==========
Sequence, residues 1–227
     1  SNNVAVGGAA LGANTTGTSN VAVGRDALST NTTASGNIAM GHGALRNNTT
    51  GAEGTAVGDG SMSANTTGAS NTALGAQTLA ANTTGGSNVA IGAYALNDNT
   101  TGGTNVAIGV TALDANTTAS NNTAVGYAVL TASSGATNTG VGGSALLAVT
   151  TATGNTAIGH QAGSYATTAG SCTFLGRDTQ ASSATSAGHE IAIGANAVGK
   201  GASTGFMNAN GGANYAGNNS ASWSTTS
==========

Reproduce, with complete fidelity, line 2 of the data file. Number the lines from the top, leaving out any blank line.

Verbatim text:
     1  SNNVAVGGAA LGANTTGTSN VAVGRDALST NTTASGNIAM GHGALRNNTT